Aviva said that it is so pleased with the progress it has made strengthening its capital position that it is planning to return cash to shareholders this year.
The insurer, which bought rival Friends Life in 2015 partly as a way to improve its balance sheet, did not elaborate on how it would return the capital although it did push the full year dividend up by 12 per cent.
Chief executive Mark Wilson said:
Aviva’s financial position has been transformed and a distinctly stronger balance sheet and excess capital give Aviva more options.
News of the cash return came as Aviva reported full year results. They showed the damage caused by last week’s change to the so-called-Ogden rate, which is the way personal injury compensation payments are calculated. The change will be mean much higher payouts to accident victims.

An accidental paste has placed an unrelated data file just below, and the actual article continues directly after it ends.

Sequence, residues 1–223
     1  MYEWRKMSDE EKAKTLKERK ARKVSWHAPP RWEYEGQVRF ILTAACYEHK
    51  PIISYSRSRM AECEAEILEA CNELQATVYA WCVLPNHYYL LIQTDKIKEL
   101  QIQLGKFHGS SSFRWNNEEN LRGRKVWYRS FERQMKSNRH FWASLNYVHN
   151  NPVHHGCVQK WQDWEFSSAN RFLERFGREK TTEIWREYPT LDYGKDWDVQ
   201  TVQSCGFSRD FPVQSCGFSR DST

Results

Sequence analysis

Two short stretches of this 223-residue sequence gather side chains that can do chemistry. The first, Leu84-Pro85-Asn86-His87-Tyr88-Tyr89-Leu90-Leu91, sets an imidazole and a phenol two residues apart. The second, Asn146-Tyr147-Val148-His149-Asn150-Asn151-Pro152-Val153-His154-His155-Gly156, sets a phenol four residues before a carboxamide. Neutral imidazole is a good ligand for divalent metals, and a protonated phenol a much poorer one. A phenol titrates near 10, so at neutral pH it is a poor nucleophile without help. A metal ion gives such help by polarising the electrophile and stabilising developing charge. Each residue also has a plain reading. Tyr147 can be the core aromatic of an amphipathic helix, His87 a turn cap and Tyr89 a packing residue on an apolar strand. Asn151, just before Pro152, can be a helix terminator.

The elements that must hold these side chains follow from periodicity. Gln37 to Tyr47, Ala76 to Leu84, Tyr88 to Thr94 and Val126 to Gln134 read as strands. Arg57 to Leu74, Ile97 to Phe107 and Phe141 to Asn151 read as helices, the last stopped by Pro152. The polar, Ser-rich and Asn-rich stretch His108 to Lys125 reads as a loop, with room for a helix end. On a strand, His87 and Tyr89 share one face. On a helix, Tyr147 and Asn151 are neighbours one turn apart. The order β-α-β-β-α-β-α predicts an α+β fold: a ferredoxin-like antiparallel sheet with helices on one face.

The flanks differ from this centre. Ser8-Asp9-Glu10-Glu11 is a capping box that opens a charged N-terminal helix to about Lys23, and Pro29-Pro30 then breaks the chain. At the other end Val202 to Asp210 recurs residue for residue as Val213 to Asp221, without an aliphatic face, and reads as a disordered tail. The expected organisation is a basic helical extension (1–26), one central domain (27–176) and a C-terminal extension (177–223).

Aviva said that its full year net profits dropped 22 per cent because of the change to the Ogden rate.
Operating profits, which exclude the Ogden impact, were up 12 per cent to £3bn.
Mr Wilson added:
Aviva’s results are simple and clear cut: more operating profit, more capital, more cash, more dividend. And there is more to come.
Fund management delivered a breakout year with strong positive net flows and operating profit up 30%. General insurance is growing, with operating profit up 17 per cent , and in UK Digital we have doubled online registrations to 5m. We are becoming a digital disruptor for the benefit of our customers.